We wish you nothing but the best in having the conversation with your kids about the inheritance and your estate planning. It is always a good idea to have your attorney have the conversation with them as well to have a third party providing the information. We often have this conversation at no additional charge for our clients to help guide the conversation.

Please contact our office if you would like to discuss your estate planning or have us assist you in discussing these issues with your children.  For any questions or help having this difficult conversation with your family, contact us at (717) 845-5390.


Are Estate Planning Online Documents "Good Enough"?

We get asked all the time by people about whether or not an estate planning online document would be “good enough.” The bottom line with the do-it-yourself options and the online options is that they are not state specific.

Each and every state in the country has their own nuances and their own unique rules, and many of the generic form databases and/or online functions do not meet the nuances of each state. I have actually seen, in several cases, where they advertise that they do, and even the paperwork that the client receives says that it does, but in reality, it simply does not. 

The other major issue that I have with online estate planning tools is that it is “junk in” and “junk out.” What I mean by that is they are going to ask you questions that you have to answer that will determine how the document will be drafted. If you do not know the answer or know the implications of the answer that you are giving, there is no way that you can know whether that document will work at the time that you need it to. 

I also worry about the unknown and about implications and situations that are currently not a concern but become so in the future. Most of the online or do-it-yourself forms are very short, very simplistic, and very basic.

The problem with that is what happens if a beneficiary is receiving public benefits at the time of your death? What happens if an individual receives money outright and is in a horrific car accident and kills 10 people? There are so many variables that change estate planning that are just not accounted for in the do-it-yourself or online programs.

One rebuttal that I often hear is that they do not have enough money to worry about those situations or those minor exceptions. I certainly appreciate that and respect that, but I think in some cases, that is a very easy cop out and is a very short sighted answer. It does not take a lot of money to have an unforeseen incident occur to lose it and to be extremely hurt and disappointed over the consequence of that action.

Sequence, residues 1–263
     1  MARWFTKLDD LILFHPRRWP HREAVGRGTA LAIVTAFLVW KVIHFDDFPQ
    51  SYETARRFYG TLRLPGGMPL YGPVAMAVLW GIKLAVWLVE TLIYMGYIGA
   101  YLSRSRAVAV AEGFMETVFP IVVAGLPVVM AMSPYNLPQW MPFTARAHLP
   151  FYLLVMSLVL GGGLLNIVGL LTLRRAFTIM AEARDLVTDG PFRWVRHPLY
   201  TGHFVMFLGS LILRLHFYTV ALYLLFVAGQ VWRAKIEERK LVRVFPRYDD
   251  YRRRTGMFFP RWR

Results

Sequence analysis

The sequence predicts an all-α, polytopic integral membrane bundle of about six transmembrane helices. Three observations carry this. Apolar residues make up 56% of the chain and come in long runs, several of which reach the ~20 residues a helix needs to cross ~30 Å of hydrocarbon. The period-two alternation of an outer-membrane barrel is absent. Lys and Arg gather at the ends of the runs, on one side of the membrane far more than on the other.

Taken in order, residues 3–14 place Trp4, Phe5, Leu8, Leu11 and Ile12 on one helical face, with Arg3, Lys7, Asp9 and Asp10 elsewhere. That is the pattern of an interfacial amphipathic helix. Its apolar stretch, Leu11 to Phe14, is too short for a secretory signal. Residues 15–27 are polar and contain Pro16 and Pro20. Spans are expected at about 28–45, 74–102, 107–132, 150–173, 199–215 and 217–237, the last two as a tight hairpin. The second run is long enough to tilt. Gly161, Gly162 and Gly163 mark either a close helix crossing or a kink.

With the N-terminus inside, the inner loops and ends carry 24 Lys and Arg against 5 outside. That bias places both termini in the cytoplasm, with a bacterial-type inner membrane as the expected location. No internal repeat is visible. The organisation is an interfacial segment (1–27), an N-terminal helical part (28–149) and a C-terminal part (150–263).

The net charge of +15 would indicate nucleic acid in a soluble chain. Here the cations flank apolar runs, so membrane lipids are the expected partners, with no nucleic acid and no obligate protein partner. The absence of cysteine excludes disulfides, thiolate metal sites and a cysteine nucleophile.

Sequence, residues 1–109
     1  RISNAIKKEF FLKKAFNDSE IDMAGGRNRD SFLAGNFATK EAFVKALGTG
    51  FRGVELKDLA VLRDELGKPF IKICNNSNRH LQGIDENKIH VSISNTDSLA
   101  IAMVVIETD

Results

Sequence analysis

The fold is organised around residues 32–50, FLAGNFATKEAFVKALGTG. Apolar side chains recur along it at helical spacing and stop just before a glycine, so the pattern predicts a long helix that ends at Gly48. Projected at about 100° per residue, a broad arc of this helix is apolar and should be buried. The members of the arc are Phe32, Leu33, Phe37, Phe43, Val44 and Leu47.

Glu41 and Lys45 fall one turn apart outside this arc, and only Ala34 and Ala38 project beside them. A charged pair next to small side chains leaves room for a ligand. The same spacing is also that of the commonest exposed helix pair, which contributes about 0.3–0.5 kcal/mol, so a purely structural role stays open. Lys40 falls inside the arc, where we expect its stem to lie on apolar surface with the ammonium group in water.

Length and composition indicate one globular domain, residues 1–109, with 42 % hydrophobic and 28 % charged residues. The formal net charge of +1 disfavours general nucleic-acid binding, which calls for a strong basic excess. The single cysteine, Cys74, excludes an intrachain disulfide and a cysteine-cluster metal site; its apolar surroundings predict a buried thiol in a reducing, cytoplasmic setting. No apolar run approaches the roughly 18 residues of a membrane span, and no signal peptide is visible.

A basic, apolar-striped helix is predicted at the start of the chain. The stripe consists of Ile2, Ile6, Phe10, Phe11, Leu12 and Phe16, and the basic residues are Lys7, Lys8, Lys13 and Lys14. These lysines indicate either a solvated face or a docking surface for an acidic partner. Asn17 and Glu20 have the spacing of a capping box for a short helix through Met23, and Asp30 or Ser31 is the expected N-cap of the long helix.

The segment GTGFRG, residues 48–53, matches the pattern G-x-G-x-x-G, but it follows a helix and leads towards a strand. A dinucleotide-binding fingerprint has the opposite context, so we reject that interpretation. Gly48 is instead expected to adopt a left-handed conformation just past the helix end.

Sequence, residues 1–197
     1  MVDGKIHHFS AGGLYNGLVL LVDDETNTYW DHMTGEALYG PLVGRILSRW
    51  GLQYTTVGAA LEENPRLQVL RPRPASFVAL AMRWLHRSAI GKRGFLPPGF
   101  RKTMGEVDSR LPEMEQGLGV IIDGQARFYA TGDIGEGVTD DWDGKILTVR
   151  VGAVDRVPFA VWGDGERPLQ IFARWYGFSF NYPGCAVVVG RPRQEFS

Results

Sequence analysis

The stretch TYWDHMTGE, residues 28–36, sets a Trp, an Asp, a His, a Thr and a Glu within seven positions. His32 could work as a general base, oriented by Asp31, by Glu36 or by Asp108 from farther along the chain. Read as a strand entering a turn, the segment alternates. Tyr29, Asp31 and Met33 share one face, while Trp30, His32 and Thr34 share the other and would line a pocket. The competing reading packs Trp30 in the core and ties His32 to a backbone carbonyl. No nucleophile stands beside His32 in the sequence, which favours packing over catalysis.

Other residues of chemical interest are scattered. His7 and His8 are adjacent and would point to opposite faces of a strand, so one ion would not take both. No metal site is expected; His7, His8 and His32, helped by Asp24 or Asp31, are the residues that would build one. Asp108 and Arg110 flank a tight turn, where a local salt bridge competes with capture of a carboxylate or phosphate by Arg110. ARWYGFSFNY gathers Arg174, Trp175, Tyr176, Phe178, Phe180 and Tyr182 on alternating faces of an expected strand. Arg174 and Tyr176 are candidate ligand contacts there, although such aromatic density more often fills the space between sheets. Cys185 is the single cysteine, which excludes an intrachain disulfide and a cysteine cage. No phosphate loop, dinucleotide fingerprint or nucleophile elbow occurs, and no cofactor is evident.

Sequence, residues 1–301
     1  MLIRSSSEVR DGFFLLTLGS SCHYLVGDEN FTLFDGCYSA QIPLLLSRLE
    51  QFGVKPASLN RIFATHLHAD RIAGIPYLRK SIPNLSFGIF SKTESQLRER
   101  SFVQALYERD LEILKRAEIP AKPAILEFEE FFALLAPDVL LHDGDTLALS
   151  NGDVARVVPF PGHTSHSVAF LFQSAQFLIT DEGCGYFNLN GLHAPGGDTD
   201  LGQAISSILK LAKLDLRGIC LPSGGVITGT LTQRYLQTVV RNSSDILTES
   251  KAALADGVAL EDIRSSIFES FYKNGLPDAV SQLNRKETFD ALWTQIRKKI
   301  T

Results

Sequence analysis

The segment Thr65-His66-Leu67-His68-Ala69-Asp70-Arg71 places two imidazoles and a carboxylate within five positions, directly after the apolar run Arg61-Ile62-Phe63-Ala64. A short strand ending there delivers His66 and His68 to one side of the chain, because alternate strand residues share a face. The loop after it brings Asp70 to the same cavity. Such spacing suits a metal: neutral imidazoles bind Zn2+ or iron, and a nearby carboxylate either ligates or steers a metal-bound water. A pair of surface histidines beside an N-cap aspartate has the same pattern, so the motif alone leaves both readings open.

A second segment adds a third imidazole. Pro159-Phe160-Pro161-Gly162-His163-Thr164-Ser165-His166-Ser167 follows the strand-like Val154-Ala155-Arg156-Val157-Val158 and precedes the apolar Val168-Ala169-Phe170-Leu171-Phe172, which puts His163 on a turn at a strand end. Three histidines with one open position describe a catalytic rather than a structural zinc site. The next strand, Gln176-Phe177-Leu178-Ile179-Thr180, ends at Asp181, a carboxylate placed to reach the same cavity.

For example, a client recently went the online program route and had planning done, but unfortunately had a stroke and needed to go into a nursing home. The person lost all of their assets because the planning was not done correctly, and the family is very regretful that they made that decision. 

The gentleman made a very conscious decision, that he saved a couple hundred dollars and did his documents online because he did not feel that he had enough to warrant our services and our expertise. To the individual, a couple hundred thousand dollars was not a lot of money and he could not justify the expense of using our firm versus the cost of the online program. Unfortunately, the gentleman lost several hundred thousand dollars to the nursing home simply because he used an online form that did not provide for the advanced planning that would be needed. This is a very common occurrence, where people can’t seem to justify the investment and having planning done appropriately, because in their eyes the amount of money that they have doesn’t justify the excess expense.

This is a very glaring example of how he did save a couple hundred dollars, but in return he lost a couple hundred thousand dollars of his hard earned money, that could have gone to his family. The children and I have had several conversations about it and one of them even was encouraging him to hire our firm to get the work done properly. The son just could not understand why dad went with the cheap option online after he was warned, numerous times, by me and others.

It is very sad these days that online companies and attorneys who do not specialize in an area are able to market that they are a one stop shop and do everything. When in reality, they don’t and their documents don’t provide for the same things.  Beware of saving a couple dollars or a couple hundred dollars when the risks to you and your family are much greater than that. Go to a specialist who understands estate planning, elder law and asset protection and can give good advice and can provide personal assistance and not just a form document that gets spit out of a computer. 

If you would like to learn more about this, please contact our office at 717-845-5390.